For more than two decades, Workman has sat on Tennessee's Death Row. Now, with his appeals at their end, Workman could soon be executed -- despite evidence that, some say, points to his innocence.
He is currently scheduled to be executed Sept. 24, 2003.
"I've always said I'm here for killing a man, but I've never seen a dead man," Workman tells NewsChannel 5's chief investigative reporter Phil Williams.
Workman was sentenced to death for shooting and killing a Memphis police officer in August 1981. The shooting occurred as Workman tried to get away after robbing a Wendy's restaurant. Officers attempted to apprehend him as he left the restaurant. He fired his gun.
While Workman ran, a veteran Memphis police officer, Lt. Ronald Oliver, lay dying from a gunshot wound.
Comrades of the fallen officer built what appeared to be an airtight case against Workman. A jury convicted him of murder and sentenced him to die in the electric chair.
But, now, NewsChannel 5 has discovered there are serious questions about the case against Workman.
Could a bullet from Workman's gun have caused the injuries suffered by Lt. Oliver? Two well-known pathologists now doubt the official theory. If not, who did fire the fatal shot?
Why did no one see a key government witness who claims he was in the middle of the crime scene? Did police pressure him to lie, as he now claims?
Were other police officers also firing their weapons, as other civilian witnesses claim? If so, why would they lie about the shooting during Workman's trial?
"I believe the state of Tennessee is about to execute an innocent man," says Workman's lawyer, Jefferson Dorsey.
However, retired Memphis police officer Aubrey Stoddard, who was shot in the encounter with Workman, disputes that notion.
"If they'd let me, I'd be the one that would pull the switch," Stoddard says.
Philip Workman admits, morally speaking, he's not an innocent man - that he created the circumstances that led to the police officer's death.
He argues, however, he did not fire the fatal shot - and, as result, he's not guilty of the capital offense that landed him on Death Row.
Two versions of events
Workman, who says he was strung out on cocaine the night of the shooting, admits he robbed the Wendy's restaurant with a loaded .45 caliber pistol. Inside, one of the employees triggered a silent alarm that summoned police.
Lt. Oliver arrived first, followed by patrolmen Stoddard and Steve Parker. As Workman attempted to flee, Oliver and Stoddard grabbed him. What happened next isn't clear.
Stoddard says he grabbed Workman around his neck, facing him. Oliver had him from behind.
"I looked down and he was holding a .45 right between my belly and his," Stoddard recalls. "I started to say, he's got a gun. Before I could say two words, he shot me."
A bullet ripped through Stoddard's right arm. He says Workman fired another shot at him as he was falling.
It was only after that second shot, Stoddard says, that Oliver was hit. But the veteran officer says he had spun around and did not see it.
"He just kept shooting. I heard it, but I didn't see it," Stoddard says. Police say Oliver returned fire and emptied his six-shot revolver before collapsing.
But Workman tells a different story.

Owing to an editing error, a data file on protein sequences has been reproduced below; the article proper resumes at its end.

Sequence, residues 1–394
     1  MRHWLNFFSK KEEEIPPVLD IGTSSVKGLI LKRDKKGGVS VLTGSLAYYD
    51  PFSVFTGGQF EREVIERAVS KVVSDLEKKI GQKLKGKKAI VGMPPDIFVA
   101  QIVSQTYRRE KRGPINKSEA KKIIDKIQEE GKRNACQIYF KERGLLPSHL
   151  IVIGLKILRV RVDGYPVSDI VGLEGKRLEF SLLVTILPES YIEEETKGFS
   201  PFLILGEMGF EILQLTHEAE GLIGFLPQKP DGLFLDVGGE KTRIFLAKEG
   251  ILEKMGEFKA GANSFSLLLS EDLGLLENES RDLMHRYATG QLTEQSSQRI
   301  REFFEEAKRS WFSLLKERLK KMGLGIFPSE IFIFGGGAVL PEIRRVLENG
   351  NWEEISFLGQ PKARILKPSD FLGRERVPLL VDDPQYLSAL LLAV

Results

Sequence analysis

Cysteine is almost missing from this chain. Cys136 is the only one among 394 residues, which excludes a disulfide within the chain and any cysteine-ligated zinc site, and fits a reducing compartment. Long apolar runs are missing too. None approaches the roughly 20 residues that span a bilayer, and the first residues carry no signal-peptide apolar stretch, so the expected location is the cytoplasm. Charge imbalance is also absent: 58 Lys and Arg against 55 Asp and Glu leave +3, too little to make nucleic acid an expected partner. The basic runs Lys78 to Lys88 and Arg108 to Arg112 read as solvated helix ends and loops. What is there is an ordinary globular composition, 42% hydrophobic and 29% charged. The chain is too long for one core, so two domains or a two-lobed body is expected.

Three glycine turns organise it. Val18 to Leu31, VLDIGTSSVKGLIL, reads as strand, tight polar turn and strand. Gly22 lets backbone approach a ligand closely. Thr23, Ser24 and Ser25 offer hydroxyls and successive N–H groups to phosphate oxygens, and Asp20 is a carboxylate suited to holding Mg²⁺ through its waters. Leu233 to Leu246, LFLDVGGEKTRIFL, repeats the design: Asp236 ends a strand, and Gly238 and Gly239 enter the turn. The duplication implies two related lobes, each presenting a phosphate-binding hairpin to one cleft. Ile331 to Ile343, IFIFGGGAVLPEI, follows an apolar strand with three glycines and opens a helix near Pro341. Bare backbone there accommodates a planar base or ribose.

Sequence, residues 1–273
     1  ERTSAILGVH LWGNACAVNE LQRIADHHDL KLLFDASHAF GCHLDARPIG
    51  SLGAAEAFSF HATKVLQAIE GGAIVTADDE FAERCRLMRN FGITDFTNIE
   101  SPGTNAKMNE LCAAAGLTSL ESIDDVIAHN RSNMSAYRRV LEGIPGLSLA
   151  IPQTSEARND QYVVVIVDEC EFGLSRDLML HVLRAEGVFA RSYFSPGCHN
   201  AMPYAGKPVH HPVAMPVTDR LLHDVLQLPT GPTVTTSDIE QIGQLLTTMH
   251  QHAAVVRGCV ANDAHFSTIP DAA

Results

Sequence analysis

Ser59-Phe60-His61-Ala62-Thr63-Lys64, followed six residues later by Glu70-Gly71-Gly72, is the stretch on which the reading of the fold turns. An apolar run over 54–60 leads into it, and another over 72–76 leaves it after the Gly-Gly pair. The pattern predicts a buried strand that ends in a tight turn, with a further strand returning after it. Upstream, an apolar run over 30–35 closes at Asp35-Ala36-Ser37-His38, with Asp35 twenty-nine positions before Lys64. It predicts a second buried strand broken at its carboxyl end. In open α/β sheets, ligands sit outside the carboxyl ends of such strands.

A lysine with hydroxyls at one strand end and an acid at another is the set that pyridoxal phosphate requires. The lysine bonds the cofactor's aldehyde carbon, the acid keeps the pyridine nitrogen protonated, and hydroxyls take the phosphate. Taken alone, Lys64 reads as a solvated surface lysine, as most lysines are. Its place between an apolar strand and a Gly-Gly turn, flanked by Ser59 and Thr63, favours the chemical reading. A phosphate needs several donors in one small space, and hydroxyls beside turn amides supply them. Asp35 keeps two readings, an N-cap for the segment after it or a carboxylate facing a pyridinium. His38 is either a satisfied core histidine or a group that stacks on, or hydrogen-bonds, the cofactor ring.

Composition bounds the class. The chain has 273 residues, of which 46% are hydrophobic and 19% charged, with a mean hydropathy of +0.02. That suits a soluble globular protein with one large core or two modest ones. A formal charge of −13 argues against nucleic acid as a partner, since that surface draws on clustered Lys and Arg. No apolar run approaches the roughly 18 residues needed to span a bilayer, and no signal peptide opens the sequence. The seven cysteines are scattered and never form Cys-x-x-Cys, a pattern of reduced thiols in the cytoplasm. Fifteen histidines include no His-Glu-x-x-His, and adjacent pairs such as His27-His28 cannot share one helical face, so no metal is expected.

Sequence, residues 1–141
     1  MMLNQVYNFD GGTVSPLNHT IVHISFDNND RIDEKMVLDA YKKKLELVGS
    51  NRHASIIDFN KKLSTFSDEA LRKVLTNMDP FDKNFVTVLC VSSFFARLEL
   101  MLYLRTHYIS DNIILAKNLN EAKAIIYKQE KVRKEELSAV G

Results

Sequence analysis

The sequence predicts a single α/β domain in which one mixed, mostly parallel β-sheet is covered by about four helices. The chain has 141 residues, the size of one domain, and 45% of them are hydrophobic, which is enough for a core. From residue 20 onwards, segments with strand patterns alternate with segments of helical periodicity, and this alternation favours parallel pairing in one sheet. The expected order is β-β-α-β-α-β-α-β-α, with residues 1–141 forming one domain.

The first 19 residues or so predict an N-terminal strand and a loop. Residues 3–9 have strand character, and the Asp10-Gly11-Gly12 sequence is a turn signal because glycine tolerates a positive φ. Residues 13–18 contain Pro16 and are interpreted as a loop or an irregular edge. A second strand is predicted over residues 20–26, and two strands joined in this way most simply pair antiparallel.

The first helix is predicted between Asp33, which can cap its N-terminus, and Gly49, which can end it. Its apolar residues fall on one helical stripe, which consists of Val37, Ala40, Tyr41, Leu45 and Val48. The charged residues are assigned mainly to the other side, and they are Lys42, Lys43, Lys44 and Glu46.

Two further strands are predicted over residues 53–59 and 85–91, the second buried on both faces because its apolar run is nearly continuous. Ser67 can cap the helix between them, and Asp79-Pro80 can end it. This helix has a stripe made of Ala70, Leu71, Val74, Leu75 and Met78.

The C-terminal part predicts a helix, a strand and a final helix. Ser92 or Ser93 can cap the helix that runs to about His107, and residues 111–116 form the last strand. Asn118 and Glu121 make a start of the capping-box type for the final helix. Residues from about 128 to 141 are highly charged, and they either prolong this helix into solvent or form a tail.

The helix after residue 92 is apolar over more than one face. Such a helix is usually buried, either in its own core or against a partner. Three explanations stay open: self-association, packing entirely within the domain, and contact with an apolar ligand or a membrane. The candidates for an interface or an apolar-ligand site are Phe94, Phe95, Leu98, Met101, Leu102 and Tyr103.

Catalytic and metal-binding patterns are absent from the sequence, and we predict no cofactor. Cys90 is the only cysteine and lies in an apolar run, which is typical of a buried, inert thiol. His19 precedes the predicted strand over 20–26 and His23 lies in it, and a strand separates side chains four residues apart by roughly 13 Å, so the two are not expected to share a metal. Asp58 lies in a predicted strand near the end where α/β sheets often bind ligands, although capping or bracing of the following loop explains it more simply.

"I see no way I could have shot Lt. Oliver," Workman says today. "I was in the process of going back up above my head with the weapon in an act of surrender when I got hit in the head. I know that shot went up in the air."
Then, Workman says he saw a "flash" -- possibly the muzzle blast of a gun -- and fired a shot in return. Workman's lawyers theorize the second shot was the one that hit Stoddard.
Stoddard denies striking Workman in the head, causing him to discharge his weapon.
But witness Garvin Null says, in a sworn affidavit, he saw "Stoddard hit the white male in the head with a flashlight." Several witnesses also say Workman was holding his head as he ran from the crime scene.
The police officer who apprehended Workman also noted he had "blood on his face" from an "earlier encounter." In addition, Workman was treated at a Memphis hospital for head injuries, and photos taken by police document those injuries.
Parker's version of events
A third officer, Steve Parker, says he was on the opposite side of the Wendy's and ran to the aid of his fellow officers when he heard gunshots.
The night of the shooting, Parker told investigators that -- as he rounded the front of the building -- Lt. Oliver had already been shot and then he saw Workman shoot Stoddard.
But, at Workman's trial, Parker changed his story.
He testified that, after talking with Stoddard, he realized his fellow patrolman had already been shot during the first volley and his impressions of what he witnessed were wrong.
Still, Parker says he witnessed that second shot described by Stoddard. Even then, according to Parker's story, Lt. Oliver had already been shot and was on the ground.
Parker says Workman then ran and turned around to fire another shot at him. As Workman again tried to run away, he tripped and accidentally fired another shot in the air.
Evidence at crime scene While Stoddard and Parker say they saw Workman fire a total of four shots - and the government says he also fired a fifth one that struck Lt. Oliver -- investigators who scoured the crime scene only discovered three bullet casings from Workman's gun.
Prosecutors say the crime scene probably was contaminated in the first chaotic minutes of the shooting. But Workman's lawyers argue that it's evidence that someone else fired the fatal shot.
"If you look at the shell casings," Workman says, "the evidence -- according to what they say I'm supposed to have done -- it's not there."